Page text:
Explain Web3: From blockchain and crypto to NFTs and metaverse


Last week on Twitter, Jack Dorsey trashed the trending tech trend known as Web3, tell consumers to beware and dismiss it as a tool for venture capitalists cryptocurrency. Tim O’Reilly, the author who coined the phrase Web 2.0 in 2004, also warned this month that it is too early to get excited about Web3. Time Magazine’s Person of the Year, Elon Musk, simply said, “Web3 looks like bs.”

Is it? Web3 is tech’s most popular buzzword. Yet the term is amorphous and evolves rapidly, its meaning often changing depending on who is talking about it.

Used by enthusiasts to describe the next phase of the internet, Web3 is characterized by Internet services and mobile applications reconstructed on decentralized blockchain technology. It often includes a wide range of emerging technologies such as cryptocurrency, DAOs, and digital assets such as NFTs or non-fungible tokens. Some enthusiasts also associate the game, metaverse and augmented and virtual reality with Web3 because some virtual worlds rely on blockchain-based digital assets.

“Web3 is the manufacturer and user-owned Internet, orchestrated with tokens,” Chris Dixon, general partner at venture capital firm Andreessen Horowitz, said in an article posted on the company’s website.

Web3 advocates like Dixon say relying on blockchain technology will force businesses to be interoperable and “give users property rights: the ability to own part of the internet.” Skeptics, however, argue that because VCs are so heavily invested in bitcoin and the mechanisms that Web3 is based on, their advocacy for decentralized technology from a user perspective is misleading. Says Dorsey, Web3 is “at the end of the day a centralized entity with a different label.”

Okay, what does this mean to you? CBS News asked tech experts to explain the basics of Web3 and why – or if – it’s important.

What is driving the hype?

Facebook’s rebranding to Meta in October, along with the tech giant’s renewed support for cryptocurrency, likely pushed Web3 ideas about blockchain and decentralized tech into the mainstream, said. Brian McCullough, host of the “Techmeme Ride Home” podcast.

“Web3 is a repackaging of some particular technology,” McCullough told CBS News. “The blockchain has fallen into a kind of cul-de-sac of tech culture and consumers have grown weary of the hype. Traditional crypto never became a currency; NFTs have become this cult thing; and virtual reality has been “the next big thing” for decades. Web3 is a brand that has brought all of these ideas together into a plausible whole. “

McCullough says Web3 is hot now because Silicon Valley influencers like Dorsey and Musk and Andreessen Horowitz and other venture capitalists started talking about it after the Facebook pivot. “The technology is not new,” he said, “but the marketing is”.

Designed for business, “not for consumers”

Ignore the Web3 hype and focus on commercial technology, said Bill Detwiler, editor of TechRepublic. The core blockchain technologies that power Web3 are “real and powerful and designed for the business, maybe not for the consumers.”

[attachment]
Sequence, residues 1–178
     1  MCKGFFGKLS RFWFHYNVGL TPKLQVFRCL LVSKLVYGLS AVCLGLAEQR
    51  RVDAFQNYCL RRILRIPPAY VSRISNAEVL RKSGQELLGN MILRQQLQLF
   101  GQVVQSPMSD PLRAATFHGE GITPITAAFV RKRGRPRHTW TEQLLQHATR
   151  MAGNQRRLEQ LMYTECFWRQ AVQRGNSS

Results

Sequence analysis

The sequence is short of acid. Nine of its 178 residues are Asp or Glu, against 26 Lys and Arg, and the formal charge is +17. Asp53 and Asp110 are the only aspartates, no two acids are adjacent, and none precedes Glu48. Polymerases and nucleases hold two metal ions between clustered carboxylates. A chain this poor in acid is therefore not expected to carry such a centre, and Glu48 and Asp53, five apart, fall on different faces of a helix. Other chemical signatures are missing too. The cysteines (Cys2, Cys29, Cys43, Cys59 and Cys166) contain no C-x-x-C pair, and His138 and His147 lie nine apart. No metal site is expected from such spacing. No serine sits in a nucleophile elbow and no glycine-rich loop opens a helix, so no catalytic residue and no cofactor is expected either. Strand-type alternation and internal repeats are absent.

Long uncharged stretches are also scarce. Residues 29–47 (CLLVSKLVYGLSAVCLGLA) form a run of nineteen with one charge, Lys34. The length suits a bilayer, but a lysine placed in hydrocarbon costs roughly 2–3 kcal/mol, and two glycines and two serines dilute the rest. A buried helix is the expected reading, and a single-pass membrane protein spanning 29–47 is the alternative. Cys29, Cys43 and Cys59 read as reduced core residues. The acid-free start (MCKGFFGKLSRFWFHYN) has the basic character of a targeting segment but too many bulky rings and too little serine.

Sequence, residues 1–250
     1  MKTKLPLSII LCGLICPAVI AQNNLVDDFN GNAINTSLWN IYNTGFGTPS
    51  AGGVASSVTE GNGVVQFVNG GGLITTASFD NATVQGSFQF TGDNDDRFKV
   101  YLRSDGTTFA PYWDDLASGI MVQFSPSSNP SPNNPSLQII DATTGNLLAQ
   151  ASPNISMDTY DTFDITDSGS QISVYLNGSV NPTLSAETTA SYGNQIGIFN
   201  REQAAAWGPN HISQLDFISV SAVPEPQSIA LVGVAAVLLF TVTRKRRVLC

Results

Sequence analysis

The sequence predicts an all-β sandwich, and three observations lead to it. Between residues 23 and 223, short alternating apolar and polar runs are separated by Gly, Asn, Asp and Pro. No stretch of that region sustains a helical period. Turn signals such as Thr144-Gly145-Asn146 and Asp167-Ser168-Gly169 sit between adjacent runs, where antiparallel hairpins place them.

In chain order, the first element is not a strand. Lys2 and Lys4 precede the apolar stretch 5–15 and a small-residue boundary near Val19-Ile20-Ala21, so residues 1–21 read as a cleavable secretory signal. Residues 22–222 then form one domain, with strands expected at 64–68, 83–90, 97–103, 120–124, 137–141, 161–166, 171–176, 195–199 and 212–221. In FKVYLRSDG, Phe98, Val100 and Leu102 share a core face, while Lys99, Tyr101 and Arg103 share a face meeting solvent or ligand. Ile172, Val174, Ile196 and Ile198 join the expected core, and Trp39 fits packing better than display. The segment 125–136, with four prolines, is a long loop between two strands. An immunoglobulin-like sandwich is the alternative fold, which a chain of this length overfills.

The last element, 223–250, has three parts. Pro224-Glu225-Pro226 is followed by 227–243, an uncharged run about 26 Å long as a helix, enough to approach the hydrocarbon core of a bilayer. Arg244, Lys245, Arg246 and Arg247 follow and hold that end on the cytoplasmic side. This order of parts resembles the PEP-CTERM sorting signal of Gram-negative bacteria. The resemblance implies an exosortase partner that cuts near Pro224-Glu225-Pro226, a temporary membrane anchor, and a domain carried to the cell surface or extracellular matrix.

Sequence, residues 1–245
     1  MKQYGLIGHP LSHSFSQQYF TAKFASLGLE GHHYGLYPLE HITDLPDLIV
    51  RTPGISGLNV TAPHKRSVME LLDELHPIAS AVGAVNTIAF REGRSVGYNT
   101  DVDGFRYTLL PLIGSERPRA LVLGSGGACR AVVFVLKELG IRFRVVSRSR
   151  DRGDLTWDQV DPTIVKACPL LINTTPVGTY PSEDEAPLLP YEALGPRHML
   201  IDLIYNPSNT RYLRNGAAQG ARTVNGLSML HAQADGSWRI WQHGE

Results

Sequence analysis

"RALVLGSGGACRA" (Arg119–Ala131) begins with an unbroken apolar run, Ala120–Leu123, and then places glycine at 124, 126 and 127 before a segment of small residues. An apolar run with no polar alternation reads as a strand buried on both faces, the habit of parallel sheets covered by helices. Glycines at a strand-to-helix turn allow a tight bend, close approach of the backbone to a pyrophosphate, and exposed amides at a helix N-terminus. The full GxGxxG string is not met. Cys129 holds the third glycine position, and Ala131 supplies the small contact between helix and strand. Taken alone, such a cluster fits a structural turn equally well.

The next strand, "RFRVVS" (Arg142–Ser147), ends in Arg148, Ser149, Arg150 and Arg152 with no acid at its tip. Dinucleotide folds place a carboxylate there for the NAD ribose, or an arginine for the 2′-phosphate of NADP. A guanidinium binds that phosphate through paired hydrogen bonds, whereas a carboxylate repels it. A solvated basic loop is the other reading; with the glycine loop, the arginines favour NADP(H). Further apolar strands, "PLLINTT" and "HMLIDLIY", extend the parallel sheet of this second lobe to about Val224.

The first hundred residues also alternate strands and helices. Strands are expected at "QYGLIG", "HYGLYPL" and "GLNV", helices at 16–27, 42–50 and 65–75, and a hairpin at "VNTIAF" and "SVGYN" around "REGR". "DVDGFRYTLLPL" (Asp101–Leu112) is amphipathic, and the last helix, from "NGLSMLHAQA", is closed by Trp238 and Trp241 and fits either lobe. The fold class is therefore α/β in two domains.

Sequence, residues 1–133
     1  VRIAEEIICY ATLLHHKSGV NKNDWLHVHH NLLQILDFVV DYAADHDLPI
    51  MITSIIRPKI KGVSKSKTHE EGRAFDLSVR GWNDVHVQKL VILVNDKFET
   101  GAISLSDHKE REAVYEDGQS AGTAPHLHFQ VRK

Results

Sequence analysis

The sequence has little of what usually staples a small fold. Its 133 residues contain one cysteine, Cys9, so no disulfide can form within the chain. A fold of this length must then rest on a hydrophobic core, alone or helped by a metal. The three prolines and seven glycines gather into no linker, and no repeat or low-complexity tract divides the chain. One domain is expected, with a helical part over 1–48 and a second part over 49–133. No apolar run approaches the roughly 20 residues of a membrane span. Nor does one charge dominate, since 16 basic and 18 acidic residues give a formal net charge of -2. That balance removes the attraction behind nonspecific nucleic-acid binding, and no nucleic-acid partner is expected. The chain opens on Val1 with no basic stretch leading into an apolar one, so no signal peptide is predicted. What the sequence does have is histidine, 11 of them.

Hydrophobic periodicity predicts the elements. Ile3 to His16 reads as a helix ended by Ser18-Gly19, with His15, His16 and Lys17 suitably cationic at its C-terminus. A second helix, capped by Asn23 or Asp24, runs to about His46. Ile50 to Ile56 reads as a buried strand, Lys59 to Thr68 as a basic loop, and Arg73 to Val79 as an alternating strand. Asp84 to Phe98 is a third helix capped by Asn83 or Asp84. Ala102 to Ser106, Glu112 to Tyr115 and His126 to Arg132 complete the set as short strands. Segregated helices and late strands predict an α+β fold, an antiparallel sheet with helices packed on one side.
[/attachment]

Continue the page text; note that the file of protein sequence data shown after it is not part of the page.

In our current technology paradigm, said Detwiler, we think of the cloud as companies like Amazon, Google, Microsoft, and Oracle providing data storage, computing power, and software as a service. Gavin Wood, founder of Ethereum and pioneer of Web3, envisions a new economy built around the blockchain where individuals can provide services directly to each other, where no single entity owns or controls the system, and where the ability to exchange valuables inherently exists within the system.

But revolutionary decentralization? It’s a long way off, Detwiler said.

“Wood’s vision will require greater social, political and economic changes. Companies today are using blockchain to track how lettuce travels from farm to supermarket,” Detwiler explained. “It’s not revolutionary, but it’s real.”

Marcus Estes, founder of cannabis distribution company Chroma Signet, agrees that Web3 technology is designed for businesses, not consumers. “We use the public blockchain to help small cannabis companies launch limited edition products in specific neighborhoods in Detroit,” he explained. “We couldn’t do this with the previous web technology because we are offering an unauthorized solution enforced by the blockchain, not by people. It is an evolution of open source business models. “

At the end of the line

Musk, Dorsey and other big tech founders may have their own reasons for hype or attacking Web3, said Drew Olanoff, startup analyst and former TechCrunch VC reporter. “It’s fun to watch them practice on Twitter, but I don’t take it seriously.”

“I collect athletic jerseys and I get the allure of collectibles,” NFT said, Olanoff said. “In the future it might be revolutionary, but I doubt it. Web3 is just a marketing discourse. Web 2.0 was the same.

Podcaster McCullough agrees. A new form of cryptocurrency could indeed become the currency of the metaverse, he noted. “NFTs and digital items could be our clothes, our identities, our status signifiers. And virtual reality could be more than just a side aisle in the game. That would be cool, but it’s not reality,” he explained. “At the moment, Web3 technology is still primitive. It’s plausible that blockchain technology with AR and VR could become the next big thing, but not today.”


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